Friends of Grasslands
supporting native grassy ecosystems
PO Box 440
Macquarie ACT 2614
Senate Standing Committees on Environment and Communications
PO Box 6100
Canberra ACT 2600
Dear Committee Members
Submission: Environment Protection & Biodiversity Conservation Amendment (Standing) Bill 2015
1. Friends of Grasslands (FOG) asks you to recommend against this Bill that would repeal section 487 of the Environment Protection and Biodiversity Conservation Act 1999, which currently extends standing to seek judicial review of decisions to certain individuals, organisations and associations.
2. FOG is a community group dedicated to the conservation of natural temperate grassy ecosystems in south-eastern Australia. FOG advocates, educates and advises on matters to do with the conservation of grassy ecosystems, and carries out surveys and other on-ground work. FOG is based in Canberra and its members include professional scientists, landowners, land managers and interested members of the public.
3. It is in the interest of good policy and ecologically sustainable development that legal avenues are available to protect the environment against bad decision-making and potentially damaging developments. The option of third party appeals creates a stronger incentive for proponents and the government to adhere to the law – improving the quality of environmental assessment of major projects. It is not the actual exercise of the power to enforce public rights that matters most but the threat that they will be exercised that brings improved accountability to an approval system that can be dominated by vested interests.
4. Third party rights have been found to improve decision-making, including by the Independent Commissions Against Corruption in NSW when looking at the quality of planning decisions, who commented that “Merit appeals provide a safeguard against biased decision-making by consent authorities and enhance the accountability of these authorities. The extension of third party merit appeals acts as a disincentive for corrupt decision-making by consent authorities.” They state the benefits include:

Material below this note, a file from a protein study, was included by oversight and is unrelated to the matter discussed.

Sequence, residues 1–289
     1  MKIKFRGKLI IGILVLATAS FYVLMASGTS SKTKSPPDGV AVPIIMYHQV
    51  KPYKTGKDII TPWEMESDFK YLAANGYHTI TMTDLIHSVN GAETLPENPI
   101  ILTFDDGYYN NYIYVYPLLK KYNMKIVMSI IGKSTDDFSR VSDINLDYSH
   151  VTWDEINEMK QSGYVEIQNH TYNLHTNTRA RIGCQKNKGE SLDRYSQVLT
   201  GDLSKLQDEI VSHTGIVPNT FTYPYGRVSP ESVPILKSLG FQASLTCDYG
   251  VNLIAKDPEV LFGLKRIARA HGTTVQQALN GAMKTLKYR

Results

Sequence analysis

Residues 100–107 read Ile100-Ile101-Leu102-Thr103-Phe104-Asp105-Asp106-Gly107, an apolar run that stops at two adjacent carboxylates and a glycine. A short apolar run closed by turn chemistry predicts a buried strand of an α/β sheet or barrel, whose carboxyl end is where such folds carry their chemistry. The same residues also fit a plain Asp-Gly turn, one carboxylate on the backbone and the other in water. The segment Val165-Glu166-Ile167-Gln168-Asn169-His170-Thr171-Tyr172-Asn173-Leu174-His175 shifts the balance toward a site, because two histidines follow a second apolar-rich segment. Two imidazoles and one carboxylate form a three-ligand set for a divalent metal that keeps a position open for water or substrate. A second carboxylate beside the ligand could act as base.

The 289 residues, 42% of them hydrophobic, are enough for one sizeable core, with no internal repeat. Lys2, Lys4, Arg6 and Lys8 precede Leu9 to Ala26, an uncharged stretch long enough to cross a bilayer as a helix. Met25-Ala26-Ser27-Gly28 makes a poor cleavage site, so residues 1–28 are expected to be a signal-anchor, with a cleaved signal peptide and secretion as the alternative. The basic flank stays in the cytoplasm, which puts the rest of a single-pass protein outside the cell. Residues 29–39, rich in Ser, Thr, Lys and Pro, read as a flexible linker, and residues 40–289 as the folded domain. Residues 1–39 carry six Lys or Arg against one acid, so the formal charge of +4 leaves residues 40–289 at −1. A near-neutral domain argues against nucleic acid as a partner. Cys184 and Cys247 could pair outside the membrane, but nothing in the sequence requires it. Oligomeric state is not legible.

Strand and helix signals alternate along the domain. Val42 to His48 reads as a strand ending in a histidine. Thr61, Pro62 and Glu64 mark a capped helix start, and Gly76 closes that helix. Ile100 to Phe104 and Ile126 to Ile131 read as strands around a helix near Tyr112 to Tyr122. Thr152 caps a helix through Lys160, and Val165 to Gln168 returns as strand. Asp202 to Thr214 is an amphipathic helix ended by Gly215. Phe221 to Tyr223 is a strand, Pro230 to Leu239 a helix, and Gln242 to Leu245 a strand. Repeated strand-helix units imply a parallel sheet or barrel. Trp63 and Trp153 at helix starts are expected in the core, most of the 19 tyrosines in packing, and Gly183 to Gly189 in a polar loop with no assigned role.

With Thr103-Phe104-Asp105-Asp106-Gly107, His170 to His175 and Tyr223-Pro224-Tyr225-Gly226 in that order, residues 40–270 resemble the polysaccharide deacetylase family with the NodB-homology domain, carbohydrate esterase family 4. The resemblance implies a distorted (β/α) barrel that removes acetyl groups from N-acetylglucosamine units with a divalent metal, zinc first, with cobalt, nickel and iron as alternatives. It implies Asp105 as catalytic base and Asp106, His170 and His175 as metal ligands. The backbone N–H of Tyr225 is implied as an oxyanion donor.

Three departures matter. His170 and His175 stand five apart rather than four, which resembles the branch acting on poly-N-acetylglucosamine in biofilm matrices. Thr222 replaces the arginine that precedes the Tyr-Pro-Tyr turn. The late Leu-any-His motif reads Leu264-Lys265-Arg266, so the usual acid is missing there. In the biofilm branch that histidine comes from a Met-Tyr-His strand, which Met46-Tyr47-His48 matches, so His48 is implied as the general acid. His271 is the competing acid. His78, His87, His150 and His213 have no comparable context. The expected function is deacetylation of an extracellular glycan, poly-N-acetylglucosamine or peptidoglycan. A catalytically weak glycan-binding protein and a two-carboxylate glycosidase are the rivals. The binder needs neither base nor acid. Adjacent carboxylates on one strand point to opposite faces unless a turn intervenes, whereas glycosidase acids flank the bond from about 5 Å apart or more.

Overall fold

- Building community confidence in the planning system;
- Guarding against corruption;
- Enhancing environmental assessments and outcomes.
5. FOG’s view is that environmental protection legislation should be both rigorously applied and enforceable. The Commonwealth government, in its administration of the EPBC Act, stands one step removed from many of the economic and other drivers of development impacting on our grassy ecosystems. Because of this, it is often more able to make the hard decisions needed to protect our endangered grassland communities, and to insist on adequate offsets where it proves impossible to avoid an impact. State and Territory governments are more likely to gain from particular projects impacting on high conservation value areas. Political and economic drivers can exert a strong pressure on State and Territory governments, leading to them being more likely to compromise at the expense of the environment.
6. One issue specific to the ACT is the different roles of the ACT Government in relation to environmental regulation and decision making. The Government owns most of the ACT’s land and, via its Land Development Agency, is the proponent in many development proposals affecting threatened natural temperate grasslands (NTG), box-gum woodlands and grassland-dependent species. If the ACT Government evaluates environmental impacts and has the power to make decisions about approvals under the EPBC Act, this is a clear conflict of interest. There is significant pressure on the ACT Government to release land for housing, both to provide “affordable housing” and to generate revenue for the Government. While the Government has shown some willingness to consider environmental values, avoid destruction of some areas of NTG and box-gum woodlands and (more recently) to offer offsets, there are many examples of either destruction or encroachment on these areas in the ACT. Examples include:
- Proposal to put buildings on a small but stable NTG area and threatened golden sun moth population in Campbell;
- Development at Ngunnawal impacting on a small golden sun moth population;
- Bushfire asset zones being within Mulligan’s Flat Nature Reserve rather than in the adjoining development footprint.
7. Consequently, the effective implementation of the EPBC Act by the Commonwealth is vital to the conservation of threatened biodiversity of the ACT. The last resort option for third parties to challenge poor decisions is vital to uphold high standards of conservation.
In conclusion, FOG supports any move to retain decision-making powers under the EPBC Act with the Commonwealth, and opposes delegation of such powers to the State and Territory governments.
9 September 2015